This is a guest post by Dr. Andrea McAlister. After attending the 2017 MTNA Conference in Baltimore, I wanted to bring you the session that impacted me most. Leading up to the conference, I had been noticing myself using the word “good” a lot and without thought (even though I knew better) so this was exactly what I needed. Andrea was a fantastic presenter. Despite being a 20-minute accelerated track session, she epitomized the saying that “less is more.” She got to the point, was clear, and very engaging. I hope you glean as much as I did from her regarding our use of language and words.
I recently had the opportunity to present Better Than “Good” at the 2017 MTNA National Conference and, while I’ve given numerous presentations throughout the years, I found this one to be strangely difficult to assemble. According to my abstract, I was to talk about praise, feedback, and the different ways in which we can effectively communicate with our students. It’s what I do every year in my pedagogy classes with the next generation of teachers. We discuss a variety of ways to put gestures, musical concepts, and technical skills into verbal cues for a variety of ages and levels. While it’s difficult enough for new teachers to put ideas into words, many of my students speak English as a second language, making the process that much more difficult and important. As they grow in education and experience, these new teachers fill their toolboxes with expressions they know will work with their students and pick up a new tip or two along the way.
I do this year after year with a new crew of pedagogy students, so why did it seem so difficult to prepare the same material for the conference? Why not take the same tried-and-true class activities, slap them on a power point slide, and be done with it? “Teaching is not telling,” says Frances Clark and yet here I was, telling teachers how to use words. Something didn’t feel right. Continue reading
In college, I recall one of my Bible class professors encouraging us to always read the forward/preface/opening words to any book before diving in. Up until that point, I always skimmed over those parts, including the “acknowledgments.” Since then I have tried to take a moment to read opening words of the author and have found that it has made me more prepared for, aware of, and grateful for the person whose “art” I am about to absorb.
The same principal applies to sheet music/books. I recently purchased two new church music books. One for myself (What Praise Can I Play on Sunday?by Carol Tornquist) and one for an adult student, Phillip Keveren’s 2015 Weekly Worship: 52 Hymns for a Year of Praise. The latter especially had touching words that resonated with me and touched my heart. All it took was one moment – one moment to stop and read the heart and intentions of another.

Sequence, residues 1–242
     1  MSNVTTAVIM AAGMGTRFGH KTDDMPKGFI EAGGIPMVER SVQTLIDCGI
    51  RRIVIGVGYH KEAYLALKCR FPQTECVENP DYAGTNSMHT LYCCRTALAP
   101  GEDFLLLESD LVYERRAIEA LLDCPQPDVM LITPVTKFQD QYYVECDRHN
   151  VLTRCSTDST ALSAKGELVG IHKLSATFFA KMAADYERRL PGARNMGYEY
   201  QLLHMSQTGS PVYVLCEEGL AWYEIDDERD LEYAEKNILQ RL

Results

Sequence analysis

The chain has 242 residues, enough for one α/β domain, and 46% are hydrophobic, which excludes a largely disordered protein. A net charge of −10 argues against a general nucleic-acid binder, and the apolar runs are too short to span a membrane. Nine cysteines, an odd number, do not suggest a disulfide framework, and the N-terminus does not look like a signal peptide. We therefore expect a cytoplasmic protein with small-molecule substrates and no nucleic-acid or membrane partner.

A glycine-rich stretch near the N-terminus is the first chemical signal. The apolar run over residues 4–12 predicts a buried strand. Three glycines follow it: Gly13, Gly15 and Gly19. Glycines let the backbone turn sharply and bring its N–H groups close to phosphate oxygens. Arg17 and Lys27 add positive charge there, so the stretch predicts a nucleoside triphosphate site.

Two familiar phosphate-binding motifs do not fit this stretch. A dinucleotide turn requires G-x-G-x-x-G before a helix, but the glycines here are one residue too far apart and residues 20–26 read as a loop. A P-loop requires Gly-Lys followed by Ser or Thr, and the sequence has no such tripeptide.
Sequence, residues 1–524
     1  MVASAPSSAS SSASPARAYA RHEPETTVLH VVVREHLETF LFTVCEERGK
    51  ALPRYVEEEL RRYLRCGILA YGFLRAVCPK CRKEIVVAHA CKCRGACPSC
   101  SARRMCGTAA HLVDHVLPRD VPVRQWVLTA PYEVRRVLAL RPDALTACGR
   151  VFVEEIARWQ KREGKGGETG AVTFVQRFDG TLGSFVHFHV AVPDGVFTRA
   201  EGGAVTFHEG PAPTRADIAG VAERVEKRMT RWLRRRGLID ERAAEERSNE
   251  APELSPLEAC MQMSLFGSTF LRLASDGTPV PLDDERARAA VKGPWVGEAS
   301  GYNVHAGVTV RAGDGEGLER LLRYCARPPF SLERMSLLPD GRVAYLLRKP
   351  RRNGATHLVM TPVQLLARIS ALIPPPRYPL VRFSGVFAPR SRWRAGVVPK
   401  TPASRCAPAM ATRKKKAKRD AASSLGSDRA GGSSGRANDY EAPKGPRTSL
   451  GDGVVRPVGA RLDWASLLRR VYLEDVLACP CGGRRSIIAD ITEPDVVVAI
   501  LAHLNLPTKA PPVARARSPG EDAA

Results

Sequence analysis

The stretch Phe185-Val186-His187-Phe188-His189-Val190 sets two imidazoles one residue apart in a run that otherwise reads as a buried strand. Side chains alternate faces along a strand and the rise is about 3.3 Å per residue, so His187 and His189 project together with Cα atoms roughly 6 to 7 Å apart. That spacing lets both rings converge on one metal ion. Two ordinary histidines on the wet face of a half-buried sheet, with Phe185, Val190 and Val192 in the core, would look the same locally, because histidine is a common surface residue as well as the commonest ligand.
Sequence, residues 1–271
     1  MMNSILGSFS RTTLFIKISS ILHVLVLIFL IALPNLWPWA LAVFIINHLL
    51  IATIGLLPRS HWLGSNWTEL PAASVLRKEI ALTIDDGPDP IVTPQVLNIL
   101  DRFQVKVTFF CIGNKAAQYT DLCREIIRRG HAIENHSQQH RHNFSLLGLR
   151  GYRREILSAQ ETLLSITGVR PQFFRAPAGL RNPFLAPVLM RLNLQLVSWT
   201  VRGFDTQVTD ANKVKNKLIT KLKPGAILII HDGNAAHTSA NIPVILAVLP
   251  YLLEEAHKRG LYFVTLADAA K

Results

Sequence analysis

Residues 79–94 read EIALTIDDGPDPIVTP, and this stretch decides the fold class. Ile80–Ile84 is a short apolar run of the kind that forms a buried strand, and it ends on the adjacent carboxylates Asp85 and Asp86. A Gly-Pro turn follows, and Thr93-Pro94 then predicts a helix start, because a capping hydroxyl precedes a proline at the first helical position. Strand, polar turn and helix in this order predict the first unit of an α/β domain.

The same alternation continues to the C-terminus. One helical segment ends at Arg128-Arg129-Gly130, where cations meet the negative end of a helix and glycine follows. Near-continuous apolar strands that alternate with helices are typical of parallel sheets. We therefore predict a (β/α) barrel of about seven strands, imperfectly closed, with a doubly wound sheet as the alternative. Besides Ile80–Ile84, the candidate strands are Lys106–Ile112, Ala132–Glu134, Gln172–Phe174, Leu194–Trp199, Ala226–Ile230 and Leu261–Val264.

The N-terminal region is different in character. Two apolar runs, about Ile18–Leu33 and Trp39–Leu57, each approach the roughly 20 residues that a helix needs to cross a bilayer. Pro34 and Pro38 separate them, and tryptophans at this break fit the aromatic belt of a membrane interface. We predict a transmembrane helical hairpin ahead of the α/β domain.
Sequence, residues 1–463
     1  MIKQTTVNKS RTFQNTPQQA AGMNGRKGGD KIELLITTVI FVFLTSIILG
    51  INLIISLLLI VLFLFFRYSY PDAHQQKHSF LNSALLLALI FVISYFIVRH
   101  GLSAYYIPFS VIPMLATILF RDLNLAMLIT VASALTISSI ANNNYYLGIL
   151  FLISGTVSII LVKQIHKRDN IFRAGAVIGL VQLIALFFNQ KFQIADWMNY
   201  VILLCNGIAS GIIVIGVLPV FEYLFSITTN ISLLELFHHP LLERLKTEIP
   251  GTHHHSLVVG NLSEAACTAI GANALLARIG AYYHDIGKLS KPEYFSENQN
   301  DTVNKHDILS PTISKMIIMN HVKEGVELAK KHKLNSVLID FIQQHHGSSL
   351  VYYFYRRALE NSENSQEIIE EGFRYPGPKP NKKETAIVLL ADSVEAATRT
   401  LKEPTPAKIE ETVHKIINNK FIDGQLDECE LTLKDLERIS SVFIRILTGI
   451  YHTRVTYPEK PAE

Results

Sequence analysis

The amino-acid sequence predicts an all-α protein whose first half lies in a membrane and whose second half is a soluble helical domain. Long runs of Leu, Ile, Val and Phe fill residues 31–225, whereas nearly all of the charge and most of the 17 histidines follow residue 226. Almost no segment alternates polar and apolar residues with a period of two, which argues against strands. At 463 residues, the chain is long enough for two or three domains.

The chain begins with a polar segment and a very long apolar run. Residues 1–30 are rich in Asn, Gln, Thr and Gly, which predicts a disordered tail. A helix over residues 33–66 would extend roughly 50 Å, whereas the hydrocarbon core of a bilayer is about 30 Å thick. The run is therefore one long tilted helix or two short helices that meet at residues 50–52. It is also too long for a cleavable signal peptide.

I am SOOOOOO excited to announce that I will be hosting my very first Piano Pantry reader’s dinner meet-up at the upcoming MTNA Conference in Baltimore!
The first readers’ dinner I ever attended was with Natalie Weber (then Whickham) of Music Matters Blog. I think it was in Albuquerque because I remember being in grad school at the time.
It’s the perfect chance to put faces with names and get to know you a little. In order for me have a chance to actually get-to-know-you and chat with all who attend, I have set my own personal maximum limit.
So…if you are interested in reserving your spot and attending the dinner please email me ASAP.
The dinner will be held on Monday night, March 20. Details will be sent to all attendees via email.
When I first joined MTNA, like many, I was guilty of not voting due to the feeling of not knowing any of the candidates. Making a decision based on a short printed bio is hard. Each one has solid credentials, and is a highly qualified and capable candidate, or else they wouldn’t be on the ballot of a national organization. It’s true.
My non-voting didn’t last for long though because I consider the ability to vote for anything a privilege and duty.
On this year’s ballot, Indiana is proud to have one of our own – someone I literally sat next to at our last state board meeting, and I hope I can give you a bit more personal insight into one of the candidates for President-Elect, Karen Thickstun.
In the photo below, Karen is second from the left, and I’m third from the left. On a side note, can I just say I serve on the best state board ever?! I just love these people…
One of those goals was to start this blog and my studio website by March 1 (the latter of which I accomplished this summer). This site’s first post Welcome to My Studiowas published on March 20 right before I left for the MTNA conference in San Antonio. Check!
As I am making preparations to adjudicate tomorrow at one of our Indiana districts for our state competition, Hoosier Auditions, I thought I would briefly share how I prepare.
If possible, I like to request ahead of time, a list of the repertoire entered. I find it nice to have a little heads-up so I can jump online and refresh my memory on the pieces. As I’m watching and listening, I try to think through my own thoughts about the piece and elements I may look for when the student performs. To me, this is simply being mindful of what’s to come.
I skim through some of my favorite articles I’ve found over the last few years as a reminder of what it means to be a good judge.
Marcia Vahl wrote three excellent articles on Compose Create:
Hey there! Welcome to Piano Pantry where we talk about piano teaching, loving food, and living life. I'm Amy, my husband Drew and I live in Indiana. My favorite things include Mexican food, reading, organizing, and spending time with those I love.